I spent the month of January tracking baboons in the Cape of Good Hope area of Table Mountain National Park in South Africa. I was working on a spatial ecology project with Tali Hoffman of the Baboon Research Unit (BRU) at the University of Cape Town.
The chacma baboons of the Cape region are cut off from the rest of the African continent by the urban area of Cape Town. As such, they are a critically endangered group of monkeys. There are only around 350 individuals left in the peninsula. Living on the edge of one of the largest cities in Africa, these baboons can provide valuable information about how human encroachment can effect the behavior and ecology of wild primate populations. Yet, little published research has been done on this population. Thankfully, BRU is now actively pursuing research on a number of aspects of the baboons’ daily life, from their basic spatial and foraging ecology to the effect of being followed by human monitors on their ranging patterns. You can read more about the work being done by BRU here.
After spending only a month with the baboons in the Cape I feel as though I only have a fleeting impression of their behavior and their situation with their human neighbors. As such, I will share with you a couple of the more interesting things I learned from this trip. Prior to leaving, most of my knowledge of baboons came from extinct fossil forms (see my masters thesis) and the behavior of the well studied hamadryas baboons of eastern Africa, who are known for their male dominated social interactions. One of the first things that surprised me was how tolerant the male baboons in the Cape are of infants. The infants often play around and with adult and sub-adult males. It is even a frequent sight to see a male carrying an infant on his back. I was totally unprepared for this level of male involvement in the rearing of young. Such male behavior is relatively rare in primates.
Perhaps one of the most touching instances I witnessed of male care came when a group of about four males moved a few hundred yards away, through dense vegetation, from the rest of the group. One of these males had an infant on his back. Since the vegetation was more dense where all the females were, I followed the group of males and the lone infant. The males and this infant started foraging on some short grass. As a researcher I always tried to be as unobtrusive as possible and stood apart from the baboons. However, despite standing to the side as the males and infant foraged, the infant became alarmed at my presence and started screaming. Instead of the male becoming alarmed, or a female rushing to the aid of an infant in distress, the closest male simply made gentle grunting sounds, which are a reassurance/friendly gesture in baboons. The male kept making this gentle call until the infant ran to him and calmed down. It was incredible to me that the infant’s mother, who was some distance away, did not rush to the aid of the infant, but rather seemed to trust this male care-taker. You can hear an example of this reassurance call here.
Of course, being in the field is not just watching baboons do cute things. Especially in the Cape region much of what I learned was how these baboons are impacted by, and in turn affect the human population around them. In some of the smaller towns in the peninsulas baboons are habitual raiders of human areas including garbage cans and even houses. Not only is this inconvenient for humans, but it is dangerous for baboons as they come into contact with unhealthy human food and any diseases the humans may have. Recently, human monitors have been employed to keep the baboons from going into the more dense urban areas. This is quite effective at keeping the baboons away, but it is unclear what effect the monitors will have on the baboon’s long-term behavior.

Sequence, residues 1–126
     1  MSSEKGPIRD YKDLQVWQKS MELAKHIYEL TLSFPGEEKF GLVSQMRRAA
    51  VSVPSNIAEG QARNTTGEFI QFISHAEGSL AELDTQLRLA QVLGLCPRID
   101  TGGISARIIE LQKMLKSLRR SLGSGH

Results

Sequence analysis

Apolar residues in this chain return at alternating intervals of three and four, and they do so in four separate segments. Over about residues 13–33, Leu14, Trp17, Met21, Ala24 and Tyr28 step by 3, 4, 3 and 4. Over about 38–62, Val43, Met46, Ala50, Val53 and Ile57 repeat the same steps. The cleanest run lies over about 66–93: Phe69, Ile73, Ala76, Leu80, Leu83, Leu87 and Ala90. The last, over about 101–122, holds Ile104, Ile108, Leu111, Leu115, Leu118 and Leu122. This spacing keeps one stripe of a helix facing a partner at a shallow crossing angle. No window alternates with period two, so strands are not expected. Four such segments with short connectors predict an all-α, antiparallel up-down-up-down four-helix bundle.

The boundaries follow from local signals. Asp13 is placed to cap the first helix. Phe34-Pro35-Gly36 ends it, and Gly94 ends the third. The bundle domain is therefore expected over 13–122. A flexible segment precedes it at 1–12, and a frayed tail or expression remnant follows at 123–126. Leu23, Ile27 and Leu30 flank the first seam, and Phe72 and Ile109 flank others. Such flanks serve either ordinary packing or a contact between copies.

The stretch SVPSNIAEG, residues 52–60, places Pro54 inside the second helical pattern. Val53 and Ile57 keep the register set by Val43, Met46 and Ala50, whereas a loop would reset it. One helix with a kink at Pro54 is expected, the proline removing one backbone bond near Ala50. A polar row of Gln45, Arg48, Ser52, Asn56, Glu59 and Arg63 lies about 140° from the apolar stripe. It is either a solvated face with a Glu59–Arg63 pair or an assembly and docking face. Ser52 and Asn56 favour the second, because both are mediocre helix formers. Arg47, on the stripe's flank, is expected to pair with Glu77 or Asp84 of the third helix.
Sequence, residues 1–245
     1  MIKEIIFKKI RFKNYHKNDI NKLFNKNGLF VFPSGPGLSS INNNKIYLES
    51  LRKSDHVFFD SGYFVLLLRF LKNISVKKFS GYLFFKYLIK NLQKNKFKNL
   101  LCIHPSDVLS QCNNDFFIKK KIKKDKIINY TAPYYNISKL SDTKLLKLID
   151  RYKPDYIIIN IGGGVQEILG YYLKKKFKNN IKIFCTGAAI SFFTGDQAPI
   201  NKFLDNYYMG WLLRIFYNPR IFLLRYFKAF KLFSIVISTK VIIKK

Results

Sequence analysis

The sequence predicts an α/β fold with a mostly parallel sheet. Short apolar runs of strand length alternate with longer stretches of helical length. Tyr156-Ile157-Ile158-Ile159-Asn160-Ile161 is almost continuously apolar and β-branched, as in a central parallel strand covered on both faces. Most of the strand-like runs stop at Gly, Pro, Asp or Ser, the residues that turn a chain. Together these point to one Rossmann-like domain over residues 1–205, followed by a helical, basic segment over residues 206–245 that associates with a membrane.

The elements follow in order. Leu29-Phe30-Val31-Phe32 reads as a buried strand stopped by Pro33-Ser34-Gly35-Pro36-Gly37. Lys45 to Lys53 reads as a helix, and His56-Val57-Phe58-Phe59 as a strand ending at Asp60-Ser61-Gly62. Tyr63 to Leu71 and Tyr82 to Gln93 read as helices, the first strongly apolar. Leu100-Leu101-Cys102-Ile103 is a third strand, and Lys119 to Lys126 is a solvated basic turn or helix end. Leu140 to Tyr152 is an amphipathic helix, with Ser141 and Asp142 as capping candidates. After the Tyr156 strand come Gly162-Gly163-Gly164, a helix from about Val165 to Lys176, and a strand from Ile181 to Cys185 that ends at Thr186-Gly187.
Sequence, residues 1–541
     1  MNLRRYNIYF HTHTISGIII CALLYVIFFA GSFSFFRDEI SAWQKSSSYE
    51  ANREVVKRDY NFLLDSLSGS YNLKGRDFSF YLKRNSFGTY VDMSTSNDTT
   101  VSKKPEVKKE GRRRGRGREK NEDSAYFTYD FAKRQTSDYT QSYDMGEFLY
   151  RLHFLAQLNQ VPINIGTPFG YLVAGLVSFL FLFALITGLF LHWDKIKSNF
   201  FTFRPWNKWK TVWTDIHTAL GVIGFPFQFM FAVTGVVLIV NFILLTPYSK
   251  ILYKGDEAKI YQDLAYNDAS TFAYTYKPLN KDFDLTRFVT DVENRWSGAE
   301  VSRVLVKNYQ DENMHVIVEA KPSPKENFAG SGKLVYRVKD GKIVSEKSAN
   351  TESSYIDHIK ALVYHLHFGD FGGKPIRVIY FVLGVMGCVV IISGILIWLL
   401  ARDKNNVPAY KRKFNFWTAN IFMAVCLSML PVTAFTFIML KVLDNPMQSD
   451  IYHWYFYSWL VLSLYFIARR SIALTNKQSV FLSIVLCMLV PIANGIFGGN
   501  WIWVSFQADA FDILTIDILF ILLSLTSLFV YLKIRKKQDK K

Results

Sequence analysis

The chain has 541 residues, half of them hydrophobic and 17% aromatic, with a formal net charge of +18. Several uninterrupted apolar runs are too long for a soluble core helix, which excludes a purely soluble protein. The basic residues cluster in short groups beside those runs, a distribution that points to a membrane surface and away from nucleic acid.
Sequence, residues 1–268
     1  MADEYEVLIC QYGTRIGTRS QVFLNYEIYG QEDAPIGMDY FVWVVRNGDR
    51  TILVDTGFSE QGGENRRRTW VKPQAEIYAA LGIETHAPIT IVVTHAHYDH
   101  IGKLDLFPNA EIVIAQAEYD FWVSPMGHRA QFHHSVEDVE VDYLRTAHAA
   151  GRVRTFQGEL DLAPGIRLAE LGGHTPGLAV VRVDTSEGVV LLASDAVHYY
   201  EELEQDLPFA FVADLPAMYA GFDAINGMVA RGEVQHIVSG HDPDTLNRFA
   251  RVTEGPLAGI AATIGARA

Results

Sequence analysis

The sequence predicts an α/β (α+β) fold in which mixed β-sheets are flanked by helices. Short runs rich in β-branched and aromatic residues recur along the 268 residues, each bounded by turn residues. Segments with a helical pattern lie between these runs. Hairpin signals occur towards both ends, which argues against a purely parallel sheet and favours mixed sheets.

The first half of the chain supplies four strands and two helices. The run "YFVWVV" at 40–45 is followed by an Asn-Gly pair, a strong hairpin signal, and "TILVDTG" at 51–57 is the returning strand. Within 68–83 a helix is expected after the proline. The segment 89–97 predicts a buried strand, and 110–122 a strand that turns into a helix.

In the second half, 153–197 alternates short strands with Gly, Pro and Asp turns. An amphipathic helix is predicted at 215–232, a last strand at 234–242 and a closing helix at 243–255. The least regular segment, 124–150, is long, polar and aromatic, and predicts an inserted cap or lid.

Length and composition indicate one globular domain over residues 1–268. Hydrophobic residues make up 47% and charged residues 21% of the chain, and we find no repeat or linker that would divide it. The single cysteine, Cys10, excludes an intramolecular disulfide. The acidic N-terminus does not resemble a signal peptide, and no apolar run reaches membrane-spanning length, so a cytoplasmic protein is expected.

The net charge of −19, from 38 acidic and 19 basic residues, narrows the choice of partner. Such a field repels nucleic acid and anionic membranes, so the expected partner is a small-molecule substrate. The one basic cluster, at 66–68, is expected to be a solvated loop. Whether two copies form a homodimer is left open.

I worked specifically within the national park around the Cape of Good Hope, so the baboon/human contact issue was somewhat different, but raiding was still a problem. The park also utilizes monitors to keep the baboons away from areas that humans frequent, such as the visitors center. This would be extremely effective, if it were not for the tourists. Tourists, who drive through the park, generally stop on the side of the road whenever they see baboons. This would be fine if the tourists just sat in their cars and had a look at the baboons. Unfortunately, many tourists do not seem to grasp the fact that baboons are wild animals and can be quite dangerous, especially if the tourist has food. Instead, I saw tourists throw food from their cars and in some cases even hand food to a baboon. This only leads to the baboons learning that tourists are a source of food and rewards them for being aggressive toward humans, who will drop their food if a baboon charges at them.
So, what is the solution? How can humans and primates live in close proximity? That is a complex question and one that is being explored in many primate species across the world as humans move more and more into previously “wild” areas. It seems to me that there is no quick, or easy, or cheap fix. Perhaps where we need to begin in order to conserve these baboons, and other primate species, is with public education of the people that live in those areas. Only by including, and empowering the local people can primate conservation be successful.
For more general information on baboons click here .
— Darby Proctor